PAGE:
Further out at sea you might see dolphins, and even whales. One of the main whale migration routes is 40 miles west, out on the edge of the continental shelf, and it’s possible to charter a boat to this area, although chance sightings of whales are possible on any boat trip, and I was lucky enough to catch the tail end of a breach on one such trip.
There’s plenty of impressive coastline to see, if you’re sea legs aren’t great, and Eashaness, on the northwest tip of the mainland is the result of crashing waves making their mark with saw-toothed stacks and a jagged coastline. Dramatic scenery like this is not uncommon in this part of the world. There are more soothing coastlines, and quiet sandy beaches, Meal Beach on Burra, is one such place where I spent a pleasant morning in the sunshine, seeing 2 dogs and 4 people in the whole time I was there.
Another are of the coastline worth exploring is the tombola at St Ninians Isle. Reputedly the most spectacular example in Britain. I hadn’t seen one before, didn’t even know what one was. It was strange walking across the strip of sand and shell, sea pressing on either side.
If wildlife and coastline isn’t your thing, then perhaps Shetland isn’t the destination for you, although there is plenty of history, and, my other main interest, food. Shetlanders have to be pretty self-sufficient, and seafood and grass-fed animals are very evident on menus. There are plenty of local delicacies and some excellent cafes and restaurants. I stayed on an organic sheep farm, and both their wool and meat could be bought locally. On a trip to Yell and Unst, we were offered lobsters for our tea, by a local fisherman who we met on the ferry. He refused to take anything for the catch.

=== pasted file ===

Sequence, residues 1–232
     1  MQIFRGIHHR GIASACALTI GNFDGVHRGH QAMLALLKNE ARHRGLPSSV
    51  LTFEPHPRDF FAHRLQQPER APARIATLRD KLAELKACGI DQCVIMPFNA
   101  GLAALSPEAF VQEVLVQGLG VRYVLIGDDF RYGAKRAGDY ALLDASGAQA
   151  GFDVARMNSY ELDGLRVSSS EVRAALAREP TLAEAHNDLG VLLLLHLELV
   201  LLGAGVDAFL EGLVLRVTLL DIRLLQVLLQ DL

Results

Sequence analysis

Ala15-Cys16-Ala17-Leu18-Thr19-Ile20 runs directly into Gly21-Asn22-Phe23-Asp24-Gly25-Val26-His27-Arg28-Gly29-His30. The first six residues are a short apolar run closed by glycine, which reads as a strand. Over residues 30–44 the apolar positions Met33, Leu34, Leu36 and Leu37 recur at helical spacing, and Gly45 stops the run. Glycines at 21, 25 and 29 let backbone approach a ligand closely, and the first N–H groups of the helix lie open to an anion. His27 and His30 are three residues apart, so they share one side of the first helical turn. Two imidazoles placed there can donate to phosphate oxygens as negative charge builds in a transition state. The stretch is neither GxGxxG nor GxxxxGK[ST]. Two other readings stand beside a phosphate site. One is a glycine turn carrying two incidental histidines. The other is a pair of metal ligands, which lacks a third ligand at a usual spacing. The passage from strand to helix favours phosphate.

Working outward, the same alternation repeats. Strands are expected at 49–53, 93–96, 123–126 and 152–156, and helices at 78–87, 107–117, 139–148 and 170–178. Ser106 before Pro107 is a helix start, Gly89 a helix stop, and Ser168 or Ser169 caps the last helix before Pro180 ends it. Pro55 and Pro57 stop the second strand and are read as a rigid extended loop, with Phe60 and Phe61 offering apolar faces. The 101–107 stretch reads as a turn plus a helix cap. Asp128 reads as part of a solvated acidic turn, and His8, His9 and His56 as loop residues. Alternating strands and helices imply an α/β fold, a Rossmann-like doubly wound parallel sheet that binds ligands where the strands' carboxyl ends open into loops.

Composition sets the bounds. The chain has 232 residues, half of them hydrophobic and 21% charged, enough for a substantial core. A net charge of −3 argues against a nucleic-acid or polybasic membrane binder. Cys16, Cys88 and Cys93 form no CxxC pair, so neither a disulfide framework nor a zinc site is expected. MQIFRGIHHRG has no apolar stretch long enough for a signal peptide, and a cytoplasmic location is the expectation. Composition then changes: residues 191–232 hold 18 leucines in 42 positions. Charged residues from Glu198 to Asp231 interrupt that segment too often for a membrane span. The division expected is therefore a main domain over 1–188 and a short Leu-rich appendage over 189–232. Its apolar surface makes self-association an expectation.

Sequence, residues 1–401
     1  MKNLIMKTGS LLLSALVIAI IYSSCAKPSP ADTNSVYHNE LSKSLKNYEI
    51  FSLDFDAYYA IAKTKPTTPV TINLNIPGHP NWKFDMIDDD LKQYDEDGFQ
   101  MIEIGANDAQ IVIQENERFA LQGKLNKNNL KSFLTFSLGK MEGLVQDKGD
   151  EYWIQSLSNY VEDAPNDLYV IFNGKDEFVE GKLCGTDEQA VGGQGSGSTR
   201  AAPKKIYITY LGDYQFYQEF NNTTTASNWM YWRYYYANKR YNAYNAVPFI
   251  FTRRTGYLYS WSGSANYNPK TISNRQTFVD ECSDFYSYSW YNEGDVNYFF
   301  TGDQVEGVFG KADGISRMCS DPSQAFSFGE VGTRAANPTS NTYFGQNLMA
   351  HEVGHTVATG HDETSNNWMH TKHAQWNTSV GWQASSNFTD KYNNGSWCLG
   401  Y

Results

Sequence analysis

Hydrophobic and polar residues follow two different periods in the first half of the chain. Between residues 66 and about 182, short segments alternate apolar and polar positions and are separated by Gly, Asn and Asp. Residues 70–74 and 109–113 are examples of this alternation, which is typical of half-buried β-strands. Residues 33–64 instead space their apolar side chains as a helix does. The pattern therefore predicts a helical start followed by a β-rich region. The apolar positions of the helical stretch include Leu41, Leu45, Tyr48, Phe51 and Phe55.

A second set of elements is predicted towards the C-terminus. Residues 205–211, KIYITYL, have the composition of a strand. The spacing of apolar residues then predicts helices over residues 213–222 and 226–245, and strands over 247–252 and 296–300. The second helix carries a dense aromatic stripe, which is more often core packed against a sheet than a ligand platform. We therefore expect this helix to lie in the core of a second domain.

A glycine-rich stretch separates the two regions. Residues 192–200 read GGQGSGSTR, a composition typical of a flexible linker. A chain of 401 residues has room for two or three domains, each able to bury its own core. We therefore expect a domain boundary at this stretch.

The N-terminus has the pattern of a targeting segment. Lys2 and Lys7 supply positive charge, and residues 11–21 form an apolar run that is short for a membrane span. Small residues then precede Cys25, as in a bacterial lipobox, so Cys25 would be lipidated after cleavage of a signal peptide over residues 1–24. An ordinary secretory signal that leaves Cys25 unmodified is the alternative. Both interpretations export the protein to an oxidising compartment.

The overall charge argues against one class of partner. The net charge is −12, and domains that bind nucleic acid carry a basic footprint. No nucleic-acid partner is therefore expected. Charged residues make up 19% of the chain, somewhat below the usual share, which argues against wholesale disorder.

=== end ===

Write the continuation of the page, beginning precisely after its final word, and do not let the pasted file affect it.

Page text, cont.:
The friendliness of Shetlanders should be legendary. Despite the TV programme ‘Shetland’ giving the impression that a murder is committed every week on the islands, in reality, there’s little crime. People know each other, and there’s a genuine sense of community. People will still speak to you, visitor, or islander, and even children waved at us as we drove past in the car!
It is not an idyllic place to live, I’m sure. The weather can be harsh as Atlantic storms batter the coastline, especially in the winter. In spite of the oil industry, employment is an issue, especially for young people. All the difficulties of rural life are multiplied ten-fold on an island.
There’s lots more to be said about Shetland, I’ve not even touched on the crafts, or the baking, or the Vikings, for example. You can find out more on the Visit Shetland website http://visit.shetland.org/]
When Debbie and I were talking about what might make a good choice of guest post topic for her blog, she mentioned her current interest in Japanese cookery. It’s a part of the world I am interested in, too, although my understanding of Japanese cuisine is in its infancy. But a lot of the plants we grow in the UK originally came from the temperate regions of the Far East, and so I thought it might be fun to look at some of the plants we can grow that have ‘Japanese’ in their common names. It might not be that they all originate from Japan; the naming of plants (with their common names, at least) is a murky business full of intrigue and confusion. Welsh onions, for example, don’t come from Wales, although they will happily grow in gardens there.
In the early days of my garden I planted Japanese onions. Some of the varieties of Japanese onions have Japanese-style names; others don’t. The difference between Japanese onions and regular onions is the time at which they’re planted. I chose them because it was autumn and I wanted to plant something in my garden. Japanese onion sets are put in the ground in the autumn, overwinter and produce bulbs slightly earlier in the year than their spring-planted relatives. There’s some suggestions that they don’t store as well as maincrop onions, but I’ve never had a problem with that. It’s quite hard to grow as many onions as you need in a year, unless you have an allotment or a very large garden. Some gardeners grow Japanese onions for an early crop, but give the majority of their space over to maincrop onions. Both can be grown from seed, as well as sets, and are readily available from seed catalogues and garden centres.